My friend Dani is going for a 500-mile walk. She’s leaving tonight but I suspect from her recent demeanor that she’s already been gone for a while. That’s generally what happens when you’re off on a grand adventure. You actually leave a long time before you go.
She’ll be doing the Camino de Santiago, also known as the Way of St. James. She’ll begin at St. Jean Pied du Port in southern France and cross the Pyrenees, then walk west in Spain through Basque country and end up in Santiago de Compostela, near the Atlantic Ocean. Legend has it this is where the remains of St. James are buried. She’ll have plenty of company. The trek draws thousands of pilgrims a year on foot, on bicycle, and occasionally on horseback or mules.
Dani has been preparing for this trip for months. Her pack will weigh seventeen pounds, though she was hoping for fifteen. She has weighed every single item she’ll be carrying, and she recently spent the better part of fifteen minutes worrying about the weight of a hairbrush. She is not taking make-up. Nor will she be carrying her heavy camera, though she will have an iPad and an iPhone. She is prepared for rain, as this is the wet season, and she has spent a part of each weekend for the last few months slogging through mud and muck. Her favorite saying is that it’s not poor weather, it’s poor equipment.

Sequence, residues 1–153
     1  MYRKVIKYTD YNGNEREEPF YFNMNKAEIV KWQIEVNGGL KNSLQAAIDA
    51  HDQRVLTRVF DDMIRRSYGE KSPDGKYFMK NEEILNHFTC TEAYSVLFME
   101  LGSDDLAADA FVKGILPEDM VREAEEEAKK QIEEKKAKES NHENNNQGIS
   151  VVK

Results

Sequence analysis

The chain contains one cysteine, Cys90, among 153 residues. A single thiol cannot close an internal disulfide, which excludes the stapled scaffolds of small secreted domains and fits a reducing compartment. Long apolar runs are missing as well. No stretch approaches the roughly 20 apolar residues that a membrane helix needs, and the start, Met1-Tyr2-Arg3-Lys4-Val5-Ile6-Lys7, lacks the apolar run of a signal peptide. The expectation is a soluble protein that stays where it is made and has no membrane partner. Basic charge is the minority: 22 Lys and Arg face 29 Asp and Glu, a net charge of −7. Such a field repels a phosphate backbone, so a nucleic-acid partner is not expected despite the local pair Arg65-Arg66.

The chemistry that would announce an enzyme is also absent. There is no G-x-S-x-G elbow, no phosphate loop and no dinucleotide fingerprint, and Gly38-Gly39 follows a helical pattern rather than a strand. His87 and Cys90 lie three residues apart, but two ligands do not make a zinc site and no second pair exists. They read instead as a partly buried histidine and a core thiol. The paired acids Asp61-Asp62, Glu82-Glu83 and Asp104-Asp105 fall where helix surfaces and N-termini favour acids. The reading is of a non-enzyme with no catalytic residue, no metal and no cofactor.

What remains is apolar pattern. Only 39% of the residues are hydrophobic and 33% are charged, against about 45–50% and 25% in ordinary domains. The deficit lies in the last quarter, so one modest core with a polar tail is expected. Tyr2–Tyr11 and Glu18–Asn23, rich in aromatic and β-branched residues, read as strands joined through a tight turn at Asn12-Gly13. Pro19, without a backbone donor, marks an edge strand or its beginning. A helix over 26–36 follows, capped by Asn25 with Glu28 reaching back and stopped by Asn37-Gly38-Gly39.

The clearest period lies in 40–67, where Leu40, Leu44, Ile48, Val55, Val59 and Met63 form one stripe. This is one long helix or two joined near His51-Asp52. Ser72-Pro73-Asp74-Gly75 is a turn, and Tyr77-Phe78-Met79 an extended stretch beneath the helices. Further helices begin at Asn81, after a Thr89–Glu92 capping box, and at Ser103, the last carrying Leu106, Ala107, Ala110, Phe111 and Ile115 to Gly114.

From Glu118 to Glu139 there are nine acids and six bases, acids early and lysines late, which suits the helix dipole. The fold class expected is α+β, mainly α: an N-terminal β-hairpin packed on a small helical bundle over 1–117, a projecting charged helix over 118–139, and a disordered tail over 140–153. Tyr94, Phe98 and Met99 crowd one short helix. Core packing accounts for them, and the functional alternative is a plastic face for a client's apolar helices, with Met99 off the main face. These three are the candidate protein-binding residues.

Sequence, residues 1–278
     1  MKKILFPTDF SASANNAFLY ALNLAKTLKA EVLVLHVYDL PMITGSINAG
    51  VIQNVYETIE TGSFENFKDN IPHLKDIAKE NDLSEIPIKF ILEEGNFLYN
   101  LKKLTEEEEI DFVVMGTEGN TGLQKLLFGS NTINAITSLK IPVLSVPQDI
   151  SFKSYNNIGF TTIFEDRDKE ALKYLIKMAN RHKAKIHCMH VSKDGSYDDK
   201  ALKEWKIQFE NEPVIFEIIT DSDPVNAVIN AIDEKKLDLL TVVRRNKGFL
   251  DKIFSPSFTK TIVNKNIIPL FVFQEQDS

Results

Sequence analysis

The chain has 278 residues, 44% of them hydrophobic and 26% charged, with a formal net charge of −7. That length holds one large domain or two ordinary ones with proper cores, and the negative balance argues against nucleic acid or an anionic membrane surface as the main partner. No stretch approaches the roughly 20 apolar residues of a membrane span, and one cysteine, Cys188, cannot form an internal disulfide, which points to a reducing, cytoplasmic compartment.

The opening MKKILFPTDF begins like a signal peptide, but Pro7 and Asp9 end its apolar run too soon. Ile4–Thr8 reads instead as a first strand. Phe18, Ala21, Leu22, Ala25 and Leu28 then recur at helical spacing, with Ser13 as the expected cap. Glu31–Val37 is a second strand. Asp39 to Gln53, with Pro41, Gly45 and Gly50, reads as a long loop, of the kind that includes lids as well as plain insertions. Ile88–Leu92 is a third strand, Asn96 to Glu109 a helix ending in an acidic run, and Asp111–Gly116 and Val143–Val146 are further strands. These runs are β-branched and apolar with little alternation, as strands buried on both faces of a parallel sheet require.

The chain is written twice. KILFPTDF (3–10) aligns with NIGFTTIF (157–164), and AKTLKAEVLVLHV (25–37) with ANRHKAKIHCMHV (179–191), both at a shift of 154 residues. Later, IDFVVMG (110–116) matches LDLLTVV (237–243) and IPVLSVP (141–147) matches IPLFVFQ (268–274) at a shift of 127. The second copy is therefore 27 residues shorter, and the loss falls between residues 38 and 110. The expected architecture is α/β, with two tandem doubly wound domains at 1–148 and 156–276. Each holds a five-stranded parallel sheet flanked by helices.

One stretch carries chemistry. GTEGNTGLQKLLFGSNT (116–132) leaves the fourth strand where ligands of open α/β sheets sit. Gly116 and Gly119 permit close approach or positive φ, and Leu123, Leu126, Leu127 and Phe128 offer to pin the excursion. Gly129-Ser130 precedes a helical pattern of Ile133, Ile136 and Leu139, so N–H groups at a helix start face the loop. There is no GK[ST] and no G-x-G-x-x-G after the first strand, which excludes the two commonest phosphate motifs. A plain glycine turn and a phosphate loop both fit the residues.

Dani wants to write a book about her Camino, which is what she calls it. She’s already blogged about it extensively and I’ve no doubt the experiences garnered on the trail will be worth reading.
She’s hoping the long time away—almost six weeks—will help her come to some decisions about her life, and harden her resolve regarding some choices already made. She’s young, attractive, smart and single. She has a good job that doesn’t fully satisfy her creative urges. Like many writers, photographers, musicians and other imaginative sorts, she’s torn between having the security of a salary and the lure of inspired self-employment. She’d like to be able to devote her full existence to the craft she’s honing, and make a living at it. She’s also savvy enough to realize that earning a paycheck from your passion is iffy. Almost all artists will tell you it’s more famine than feast.